Quincy July 14th 1800
I have not received a letter from you since I left you. As I hear nothing of the epidemic in Philadelphia, I begin to hope that such a calamity will this year be spared to that city. I should be gratified to hear of your health and success. I could fill a sheet with curious anecdotes of politicks & electioneering, but as this is a subject on which I ought not to permit myself to write speak or even think you will convict me of error & transgression, if I say that Gen Hamilton has been a tour through New England to persuade the people to choose electors who will give a unanimous vote for Gen. Pinckney. To be sure Mr. Adams will have an unanimous vote in Massachusetts but not one in Connecticut nor New Jersey. Thus impudent & brazed faced is the style. My information is from Gentlemen of the best & first characters in more than one State to whom this language was held by Hamilton himself. You may shew this letter to Dr. Rush & to him alone—then burn it. With a tender affection & solicitude for your welfare I am your worn out father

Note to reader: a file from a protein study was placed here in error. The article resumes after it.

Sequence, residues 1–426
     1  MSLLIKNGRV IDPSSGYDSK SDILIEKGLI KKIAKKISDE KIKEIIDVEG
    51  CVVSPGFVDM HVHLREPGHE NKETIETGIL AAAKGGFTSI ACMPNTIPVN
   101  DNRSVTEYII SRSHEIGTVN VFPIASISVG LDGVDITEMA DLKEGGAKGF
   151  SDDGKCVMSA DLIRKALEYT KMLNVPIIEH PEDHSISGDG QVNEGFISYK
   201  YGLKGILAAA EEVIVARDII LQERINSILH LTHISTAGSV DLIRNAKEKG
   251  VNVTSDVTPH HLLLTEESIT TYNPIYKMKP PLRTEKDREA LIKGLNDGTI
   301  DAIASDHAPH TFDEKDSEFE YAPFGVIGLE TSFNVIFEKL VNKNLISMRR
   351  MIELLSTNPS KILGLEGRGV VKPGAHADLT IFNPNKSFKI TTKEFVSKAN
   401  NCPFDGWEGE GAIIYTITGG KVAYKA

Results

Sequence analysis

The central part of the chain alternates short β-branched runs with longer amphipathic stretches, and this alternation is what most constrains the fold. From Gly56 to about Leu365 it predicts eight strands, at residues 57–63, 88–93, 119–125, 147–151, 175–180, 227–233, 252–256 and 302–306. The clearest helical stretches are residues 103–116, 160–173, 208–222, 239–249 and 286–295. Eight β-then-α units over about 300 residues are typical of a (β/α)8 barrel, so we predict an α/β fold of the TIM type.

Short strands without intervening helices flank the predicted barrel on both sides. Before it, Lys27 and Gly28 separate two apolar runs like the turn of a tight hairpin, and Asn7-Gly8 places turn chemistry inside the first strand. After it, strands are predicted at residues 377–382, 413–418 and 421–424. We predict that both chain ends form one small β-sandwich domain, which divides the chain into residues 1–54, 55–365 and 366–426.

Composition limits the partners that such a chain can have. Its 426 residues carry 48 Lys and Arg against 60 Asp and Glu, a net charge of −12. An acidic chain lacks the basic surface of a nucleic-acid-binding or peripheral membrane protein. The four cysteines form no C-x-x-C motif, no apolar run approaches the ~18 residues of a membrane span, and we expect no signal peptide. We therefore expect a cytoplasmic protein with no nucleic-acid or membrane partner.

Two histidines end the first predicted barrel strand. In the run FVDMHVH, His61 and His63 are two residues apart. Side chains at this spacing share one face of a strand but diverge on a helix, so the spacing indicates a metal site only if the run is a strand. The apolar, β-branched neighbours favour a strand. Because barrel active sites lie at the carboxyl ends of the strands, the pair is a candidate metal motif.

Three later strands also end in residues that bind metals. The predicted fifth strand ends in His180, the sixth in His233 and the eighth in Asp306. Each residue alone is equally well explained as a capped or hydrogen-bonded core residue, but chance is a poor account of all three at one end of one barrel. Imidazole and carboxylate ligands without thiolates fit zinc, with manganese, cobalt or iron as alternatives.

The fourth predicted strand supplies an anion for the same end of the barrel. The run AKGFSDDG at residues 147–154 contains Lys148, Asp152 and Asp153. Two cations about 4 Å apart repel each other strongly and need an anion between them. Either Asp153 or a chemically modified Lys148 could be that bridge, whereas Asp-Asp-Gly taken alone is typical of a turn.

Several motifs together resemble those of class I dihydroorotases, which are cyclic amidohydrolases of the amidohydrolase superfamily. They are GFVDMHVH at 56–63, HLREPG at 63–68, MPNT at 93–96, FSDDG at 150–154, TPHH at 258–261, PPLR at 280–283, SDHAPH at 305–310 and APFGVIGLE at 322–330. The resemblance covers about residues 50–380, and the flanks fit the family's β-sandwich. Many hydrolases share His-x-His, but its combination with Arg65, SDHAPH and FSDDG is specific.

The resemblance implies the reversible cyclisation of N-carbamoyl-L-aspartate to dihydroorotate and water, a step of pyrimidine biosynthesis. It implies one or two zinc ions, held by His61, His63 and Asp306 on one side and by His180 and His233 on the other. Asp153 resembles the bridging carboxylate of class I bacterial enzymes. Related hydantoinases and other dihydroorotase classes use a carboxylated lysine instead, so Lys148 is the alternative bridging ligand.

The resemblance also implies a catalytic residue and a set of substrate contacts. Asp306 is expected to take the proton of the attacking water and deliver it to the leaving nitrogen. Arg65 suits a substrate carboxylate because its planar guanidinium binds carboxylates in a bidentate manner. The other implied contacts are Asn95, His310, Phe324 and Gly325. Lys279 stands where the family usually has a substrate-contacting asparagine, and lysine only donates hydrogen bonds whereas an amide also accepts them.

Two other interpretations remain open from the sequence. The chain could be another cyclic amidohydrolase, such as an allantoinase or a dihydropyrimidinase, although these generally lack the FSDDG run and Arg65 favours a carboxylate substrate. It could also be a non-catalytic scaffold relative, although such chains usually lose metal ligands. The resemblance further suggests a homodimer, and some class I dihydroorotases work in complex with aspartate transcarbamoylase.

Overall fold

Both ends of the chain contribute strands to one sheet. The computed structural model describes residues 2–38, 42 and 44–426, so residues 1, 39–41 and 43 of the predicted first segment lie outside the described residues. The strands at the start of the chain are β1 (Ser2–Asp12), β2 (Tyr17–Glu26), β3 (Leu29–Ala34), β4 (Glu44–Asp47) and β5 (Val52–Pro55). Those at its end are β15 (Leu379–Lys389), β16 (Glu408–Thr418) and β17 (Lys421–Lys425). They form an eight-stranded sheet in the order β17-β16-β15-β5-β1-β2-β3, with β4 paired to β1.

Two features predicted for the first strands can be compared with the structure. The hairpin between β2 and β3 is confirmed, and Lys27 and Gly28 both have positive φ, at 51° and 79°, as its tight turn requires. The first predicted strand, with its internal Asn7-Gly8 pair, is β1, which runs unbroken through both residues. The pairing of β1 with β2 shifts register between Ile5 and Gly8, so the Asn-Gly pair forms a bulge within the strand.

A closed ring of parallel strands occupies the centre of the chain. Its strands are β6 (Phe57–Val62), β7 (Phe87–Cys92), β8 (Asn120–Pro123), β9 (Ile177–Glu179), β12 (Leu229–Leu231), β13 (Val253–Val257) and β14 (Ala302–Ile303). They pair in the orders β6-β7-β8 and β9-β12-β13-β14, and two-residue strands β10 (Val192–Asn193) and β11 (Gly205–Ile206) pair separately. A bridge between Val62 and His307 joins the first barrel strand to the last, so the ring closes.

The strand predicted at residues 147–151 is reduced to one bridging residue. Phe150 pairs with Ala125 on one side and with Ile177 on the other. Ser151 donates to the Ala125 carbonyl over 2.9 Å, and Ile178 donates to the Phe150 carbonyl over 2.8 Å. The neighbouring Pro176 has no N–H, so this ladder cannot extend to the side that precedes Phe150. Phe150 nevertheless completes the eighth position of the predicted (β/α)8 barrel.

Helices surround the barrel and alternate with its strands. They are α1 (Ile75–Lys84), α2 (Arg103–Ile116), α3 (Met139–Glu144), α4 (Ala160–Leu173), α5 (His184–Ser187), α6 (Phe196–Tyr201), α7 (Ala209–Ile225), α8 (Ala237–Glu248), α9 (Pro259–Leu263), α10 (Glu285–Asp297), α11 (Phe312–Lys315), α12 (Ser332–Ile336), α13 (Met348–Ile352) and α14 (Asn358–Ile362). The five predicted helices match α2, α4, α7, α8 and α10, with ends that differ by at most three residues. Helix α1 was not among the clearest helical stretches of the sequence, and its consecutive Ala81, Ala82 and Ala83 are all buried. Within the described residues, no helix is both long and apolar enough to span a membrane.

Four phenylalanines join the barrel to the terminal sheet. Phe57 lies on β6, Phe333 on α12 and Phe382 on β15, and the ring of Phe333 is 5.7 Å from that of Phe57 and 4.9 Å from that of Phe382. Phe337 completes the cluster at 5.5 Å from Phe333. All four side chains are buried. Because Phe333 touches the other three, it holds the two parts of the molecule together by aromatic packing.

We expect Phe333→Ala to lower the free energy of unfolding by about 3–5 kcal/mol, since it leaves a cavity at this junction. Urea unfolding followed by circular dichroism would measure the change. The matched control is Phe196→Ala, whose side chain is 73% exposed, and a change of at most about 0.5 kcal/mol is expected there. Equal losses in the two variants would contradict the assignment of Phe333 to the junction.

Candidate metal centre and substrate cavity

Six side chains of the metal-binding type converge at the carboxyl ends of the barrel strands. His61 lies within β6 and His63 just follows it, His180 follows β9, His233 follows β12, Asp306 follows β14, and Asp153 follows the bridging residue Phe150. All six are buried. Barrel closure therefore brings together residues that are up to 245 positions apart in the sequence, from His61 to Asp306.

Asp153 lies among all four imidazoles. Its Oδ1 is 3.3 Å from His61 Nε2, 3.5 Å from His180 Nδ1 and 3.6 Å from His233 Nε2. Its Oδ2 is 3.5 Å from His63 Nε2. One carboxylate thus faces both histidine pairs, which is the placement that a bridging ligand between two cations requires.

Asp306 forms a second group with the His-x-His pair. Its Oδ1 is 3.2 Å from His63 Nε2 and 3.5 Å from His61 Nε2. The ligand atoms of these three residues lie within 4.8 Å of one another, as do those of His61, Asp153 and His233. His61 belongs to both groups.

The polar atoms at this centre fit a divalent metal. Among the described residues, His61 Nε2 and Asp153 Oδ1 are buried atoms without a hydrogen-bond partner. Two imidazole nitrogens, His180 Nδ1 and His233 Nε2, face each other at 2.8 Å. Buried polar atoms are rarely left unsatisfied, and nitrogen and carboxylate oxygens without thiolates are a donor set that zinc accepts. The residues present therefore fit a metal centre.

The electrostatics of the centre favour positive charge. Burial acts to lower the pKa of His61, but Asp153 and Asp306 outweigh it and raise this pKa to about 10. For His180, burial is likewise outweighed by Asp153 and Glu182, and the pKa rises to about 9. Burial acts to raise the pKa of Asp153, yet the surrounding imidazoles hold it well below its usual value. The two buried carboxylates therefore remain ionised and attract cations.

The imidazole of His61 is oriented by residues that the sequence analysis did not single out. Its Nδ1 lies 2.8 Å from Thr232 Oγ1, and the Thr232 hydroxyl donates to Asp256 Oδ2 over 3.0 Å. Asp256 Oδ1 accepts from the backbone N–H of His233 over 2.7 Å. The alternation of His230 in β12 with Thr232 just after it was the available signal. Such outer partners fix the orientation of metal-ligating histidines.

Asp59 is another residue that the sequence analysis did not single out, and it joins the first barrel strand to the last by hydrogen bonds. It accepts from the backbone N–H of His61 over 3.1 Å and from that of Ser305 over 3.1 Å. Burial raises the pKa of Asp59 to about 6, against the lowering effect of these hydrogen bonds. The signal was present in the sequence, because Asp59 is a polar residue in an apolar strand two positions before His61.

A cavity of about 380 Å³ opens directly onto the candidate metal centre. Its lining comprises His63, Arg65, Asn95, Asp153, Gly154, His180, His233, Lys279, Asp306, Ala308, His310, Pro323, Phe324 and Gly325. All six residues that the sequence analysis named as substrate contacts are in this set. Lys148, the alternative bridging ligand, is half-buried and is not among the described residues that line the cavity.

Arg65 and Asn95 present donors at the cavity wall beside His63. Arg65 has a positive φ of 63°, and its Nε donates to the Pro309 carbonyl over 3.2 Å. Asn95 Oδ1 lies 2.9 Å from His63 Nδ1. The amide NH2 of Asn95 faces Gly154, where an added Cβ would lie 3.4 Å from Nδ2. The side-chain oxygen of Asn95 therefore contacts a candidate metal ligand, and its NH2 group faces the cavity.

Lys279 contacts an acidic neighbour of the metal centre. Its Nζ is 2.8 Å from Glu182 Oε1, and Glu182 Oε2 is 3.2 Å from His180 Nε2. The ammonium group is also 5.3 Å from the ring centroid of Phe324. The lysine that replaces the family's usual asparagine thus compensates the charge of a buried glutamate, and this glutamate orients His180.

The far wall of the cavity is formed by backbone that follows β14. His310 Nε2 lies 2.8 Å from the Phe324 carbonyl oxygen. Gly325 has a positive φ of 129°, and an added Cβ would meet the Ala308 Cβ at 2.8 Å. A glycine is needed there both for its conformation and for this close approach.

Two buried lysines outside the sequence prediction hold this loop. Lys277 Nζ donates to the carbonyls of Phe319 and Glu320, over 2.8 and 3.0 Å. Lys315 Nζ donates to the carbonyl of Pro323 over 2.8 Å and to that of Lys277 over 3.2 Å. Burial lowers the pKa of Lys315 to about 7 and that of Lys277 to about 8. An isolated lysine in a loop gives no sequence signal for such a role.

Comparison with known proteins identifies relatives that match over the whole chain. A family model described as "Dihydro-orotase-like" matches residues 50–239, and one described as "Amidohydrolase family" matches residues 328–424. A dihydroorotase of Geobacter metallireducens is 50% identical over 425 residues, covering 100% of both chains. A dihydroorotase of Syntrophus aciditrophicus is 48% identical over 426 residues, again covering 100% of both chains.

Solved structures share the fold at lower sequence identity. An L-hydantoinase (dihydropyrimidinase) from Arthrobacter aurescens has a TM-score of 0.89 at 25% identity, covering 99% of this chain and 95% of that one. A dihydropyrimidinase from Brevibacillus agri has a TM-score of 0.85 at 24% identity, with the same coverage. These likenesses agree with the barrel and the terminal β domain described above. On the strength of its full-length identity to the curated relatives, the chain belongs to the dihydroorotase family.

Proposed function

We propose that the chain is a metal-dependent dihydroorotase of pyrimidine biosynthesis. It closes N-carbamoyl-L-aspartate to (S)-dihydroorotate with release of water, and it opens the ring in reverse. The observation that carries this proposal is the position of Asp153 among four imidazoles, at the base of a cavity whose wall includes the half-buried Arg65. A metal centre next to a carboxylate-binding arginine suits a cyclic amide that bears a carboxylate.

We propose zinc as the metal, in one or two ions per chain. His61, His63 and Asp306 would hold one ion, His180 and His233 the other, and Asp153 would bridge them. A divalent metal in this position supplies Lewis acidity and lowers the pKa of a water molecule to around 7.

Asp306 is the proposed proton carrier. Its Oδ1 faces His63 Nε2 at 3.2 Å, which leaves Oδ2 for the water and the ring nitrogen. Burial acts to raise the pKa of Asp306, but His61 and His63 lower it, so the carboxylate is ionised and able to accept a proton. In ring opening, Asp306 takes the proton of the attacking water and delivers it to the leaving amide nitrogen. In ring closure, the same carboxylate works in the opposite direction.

MHi: Adams Family Papers, Letterbooks.